True story: When we took the 2012 Mercedes-Benz CLS63 AMG with Performance Package out to our undisclosed location last year for a play date with the Nissan GT-R, I was struck by just how fast the damn AMG was. Literally, struck. The first time I pegged the accelerator, my skull whacked against the leather-wrapped headrest hard enough to knock loose repressed memories from high school.
It wasn’t that surprising, really—with the performance pack, the CLS63’s M157 twin turbo V8 cranks out 550 horsepower and 590 lb-ft of torque—enough grunt to drag Trident ballistic missile submarines out of the water, and more raw power than the 2012 GT-R we brought along. But the CLS63 weighs in at 4,277 pounds—448 more than the 530 horsepower, 448 lb-ft GT-R. (Plus, Michael Crenshaw was driving the GT-R most of the time, and I outweigh him by at least 35 pounds.)
Like you’d expect, from a standing start, the GT-R’s all-wheel-drive traction gave it an unassailable advantage over the RWD CLS63. But once the cars got above 50 or 60 miles per hour…Godzilla couldn’t put any more space between itself and the Merc if the Benz was driven by Roland Emmerich hell-bent on catching him for an even shittier sequel to that 1998 disaster. And when we gave the CLS63 an (accidental) half-second head start on one run, it stayed in front all the way to the finish line.
What gives? The GT-R runs a power-to weight ratio of 7.13 pounds per horsepower. The CLS63 carries 7.69 lbs/hp. The Benz’s gears are shorter, but its final drive ratio is longer. I couldn’t dig up a coefficient of drag for the Benz, but I doubt it’s better than the GT-R’s 0.26. So the Mercedes’ near-equivalent performance doesn’t make sense…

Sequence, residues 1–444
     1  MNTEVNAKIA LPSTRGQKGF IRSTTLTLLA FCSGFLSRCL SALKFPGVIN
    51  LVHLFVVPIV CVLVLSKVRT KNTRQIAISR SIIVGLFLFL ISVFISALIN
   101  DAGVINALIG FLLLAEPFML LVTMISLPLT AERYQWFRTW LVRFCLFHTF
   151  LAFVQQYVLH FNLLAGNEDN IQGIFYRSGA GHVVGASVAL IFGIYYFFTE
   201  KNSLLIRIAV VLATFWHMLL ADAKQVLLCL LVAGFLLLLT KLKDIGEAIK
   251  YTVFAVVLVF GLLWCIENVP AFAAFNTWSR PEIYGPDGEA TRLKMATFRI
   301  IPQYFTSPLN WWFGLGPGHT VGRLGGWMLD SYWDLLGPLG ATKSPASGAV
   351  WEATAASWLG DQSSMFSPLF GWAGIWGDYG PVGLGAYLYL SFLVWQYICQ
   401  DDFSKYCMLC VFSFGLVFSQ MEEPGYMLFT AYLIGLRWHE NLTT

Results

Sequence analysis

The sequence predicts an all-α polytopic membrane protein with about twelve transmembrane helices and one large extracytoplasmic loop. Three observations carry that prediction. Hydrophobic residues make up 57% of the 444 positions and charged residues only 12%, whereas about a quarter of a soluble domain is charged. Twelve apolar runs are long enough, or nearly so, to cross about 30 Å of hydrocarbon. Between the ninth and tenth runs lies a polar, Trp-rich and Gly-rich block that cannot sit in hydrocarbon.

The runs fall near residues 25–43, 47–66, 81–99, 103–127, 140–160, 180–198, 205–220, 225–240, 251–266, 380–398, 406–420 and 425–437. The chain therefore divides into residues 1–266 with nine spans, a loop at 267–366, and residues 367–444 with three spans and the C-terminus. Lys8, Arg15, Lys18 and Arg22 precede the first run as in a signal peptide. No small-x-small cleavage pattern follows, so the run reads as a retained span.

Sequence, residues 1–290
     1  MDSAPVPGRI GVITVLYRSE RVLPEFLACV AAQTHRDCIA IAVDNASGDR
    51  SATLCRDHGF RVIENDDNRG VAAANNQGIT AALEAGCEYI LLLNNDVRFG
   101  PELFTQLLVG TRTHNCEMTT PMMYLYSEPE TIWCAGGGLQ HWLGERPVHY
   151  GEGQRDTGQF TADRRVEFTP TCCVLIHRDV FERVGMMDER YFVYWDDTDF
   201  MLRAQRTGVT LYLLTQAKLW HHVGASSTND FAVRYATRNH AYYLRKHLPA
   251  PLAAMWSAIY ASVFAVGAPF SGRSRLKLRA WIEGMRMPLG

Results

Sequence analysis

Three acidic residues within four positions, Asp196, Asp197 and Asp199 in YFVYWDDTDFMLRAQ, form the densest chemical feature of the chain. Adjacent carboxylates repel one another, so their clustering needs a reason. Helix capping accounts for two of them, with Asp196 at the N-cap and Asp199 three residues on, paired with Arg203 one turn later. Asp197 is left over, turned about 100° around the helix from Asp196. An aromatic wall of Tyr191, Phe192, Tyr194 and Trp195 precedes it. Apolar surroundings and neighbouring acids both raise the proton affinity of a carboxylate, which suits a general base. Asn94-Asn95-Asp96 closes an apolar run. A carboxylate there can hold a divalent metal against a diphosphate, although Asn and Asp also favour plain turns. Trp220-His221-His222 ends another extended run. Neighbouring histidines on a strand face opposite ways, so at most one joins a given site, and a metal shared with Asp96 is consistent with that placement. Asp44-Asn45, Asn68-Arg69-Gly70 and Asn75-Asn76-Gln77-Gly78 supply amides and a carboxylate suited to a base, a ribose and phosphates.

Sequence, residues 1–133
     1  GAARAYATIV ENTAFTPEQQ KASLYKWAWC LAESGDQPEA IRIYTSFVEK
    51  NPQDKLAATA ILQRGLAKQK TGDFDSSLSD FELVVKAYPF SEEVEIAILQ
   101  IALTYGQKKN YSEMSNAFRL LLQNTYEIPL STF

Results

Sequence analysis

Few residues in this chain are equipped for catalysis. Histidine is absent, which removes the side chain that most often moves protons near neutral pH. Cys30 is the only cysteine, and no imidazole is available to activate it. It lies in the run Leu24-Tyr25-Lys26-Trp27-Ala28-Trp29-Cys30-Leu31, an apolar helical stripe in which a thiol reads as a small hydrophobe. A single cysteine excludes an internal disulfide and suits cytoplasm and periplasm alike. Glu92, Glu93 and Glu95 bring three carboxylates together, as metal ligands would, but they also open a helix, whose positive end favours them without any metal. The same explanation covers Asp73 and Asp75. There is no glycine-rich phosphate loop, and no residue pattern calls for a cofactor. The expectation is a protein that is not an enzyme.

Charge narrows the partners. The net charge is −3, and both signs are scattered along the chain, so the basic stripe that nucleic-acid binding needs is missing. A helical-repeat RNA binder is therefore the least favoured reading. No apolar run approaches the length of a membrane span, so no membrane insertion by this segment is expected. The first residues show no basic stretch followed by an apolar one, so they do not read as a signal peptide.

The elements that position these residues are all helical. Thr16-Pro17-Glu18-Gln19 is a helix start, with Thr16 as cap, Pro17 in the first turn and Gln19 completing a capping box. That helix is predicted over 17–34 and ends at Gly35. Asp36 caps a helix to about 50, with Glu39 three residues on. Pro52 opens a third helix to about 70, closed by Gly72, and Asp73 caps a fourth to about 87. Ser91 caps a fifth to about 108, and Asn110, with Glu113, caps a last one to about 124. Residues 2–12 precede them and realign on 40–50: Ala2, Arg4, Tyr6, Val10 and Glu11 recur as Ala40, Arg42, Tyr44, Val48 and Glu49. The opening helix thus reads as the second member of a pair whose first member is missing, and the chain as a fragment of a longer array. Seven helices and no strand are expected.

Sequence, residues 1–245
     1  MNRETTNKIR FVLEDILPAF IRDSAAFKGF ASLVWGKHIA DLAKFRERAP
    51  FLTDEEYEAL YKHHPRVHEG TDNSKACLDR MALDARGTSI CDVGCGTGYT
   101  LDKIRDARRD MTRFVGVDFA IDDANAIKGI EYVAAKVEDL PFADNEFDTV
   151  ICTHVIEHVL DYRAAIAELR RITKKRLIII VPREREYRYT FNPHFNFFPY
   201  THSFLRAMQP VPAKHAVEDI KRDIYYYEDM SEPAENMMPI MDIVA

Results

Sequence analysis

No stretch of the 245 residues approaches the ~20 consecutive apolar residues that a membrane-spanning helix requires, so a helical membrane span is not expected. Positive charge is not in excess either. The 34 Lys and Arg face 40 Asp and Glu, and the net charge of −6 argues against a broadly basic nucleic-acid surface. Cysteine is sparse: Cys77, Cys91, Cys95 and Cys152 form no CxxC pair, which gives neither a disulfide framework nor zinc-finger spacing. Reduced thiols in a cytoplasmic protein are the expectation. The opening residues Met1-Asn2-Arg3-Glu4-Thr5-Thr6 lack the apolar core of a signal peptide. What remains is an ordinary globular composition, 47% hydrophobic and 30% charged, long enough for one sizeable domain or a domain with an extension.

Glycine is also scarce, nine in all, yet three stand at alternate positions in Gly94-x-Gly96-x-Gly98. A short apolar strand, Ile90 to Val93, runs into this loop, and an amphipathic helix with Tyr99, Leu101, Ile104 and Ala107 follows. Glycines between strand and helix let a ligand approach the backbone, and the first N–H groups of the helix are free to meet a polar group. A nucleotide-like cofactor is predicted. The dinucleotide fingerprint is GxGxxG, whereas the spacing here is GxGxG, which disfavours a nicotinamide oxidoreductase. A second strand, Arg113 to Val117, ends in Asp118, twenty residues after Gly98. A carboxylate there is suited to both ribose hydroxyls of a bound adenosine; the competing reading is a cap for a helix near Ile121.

…unless AMG isn’t being entirely honest about the M157’s output.
Which, it appears, they’re not. In fact, I believe they’re underreporting it.
The evidence: two separate dynamometer tests performed on cars powered by Performance Package-equipped M157 V8s. The first one was performed by Edmunds Inside Line on a 2011 S63 AMG. In the S63 with PP, AMG rates the M157 at 563 horsepower and 664 lb-ft, so there’s a sign right off that the M157 has more to give than the CLS63 claims. But here’s the kicker: IL’s test found the S63 made 537 horsepower and 611 lb-ft at the wheels. Assuming the usual 15 percent drivetrain power loss, their M157 was making around 630 horsepower and 720 lb-ft of torque at the crank. Yeah.
But while that’s handy background information, it’s hardly definite proof—the Inside Line test was of a different model, and besides, automakers have been known to plug ringers into their press fleets. Ideally, a test of a privately-purchased CLS63 would provide us with a better look—and what do you know, RENNTech happens to have just that.
On their dyno, the CLS63 AMG w/PP laid down 516 horsepower and 545 lb-ft of torque. Again, assuming 15 percent drivetrain loss, this works out to about 610 horsepower and 640 lb-ft of torque at the crankshaft—60 more horsepower and 50 more lb-ft than Mercedes-Benz says.
Assuming the RENNTech car wasn’t an outlier (and the Inside Line test suggests it isn’t) and it serves as a suitable example of the breed, the average CLS63 AMG with Performance Package makes about 11 percent more horsepower and nine percent more torque than its official rating. Is that enough to let a two-plus ton luxury sedan run with a technological marvel of a sports car? My gut says oh, yeah.
So the next time you see a new AMG rolling down the highway, give the driver a salute. Odds are good he doesn’t even know how much power he’s got at his disposal. It’ll be our little secret that we share with the engineers at AMG. And bravo to them (and to Mercedes-Benz) for building cars that promise great things, but deliver even greater things.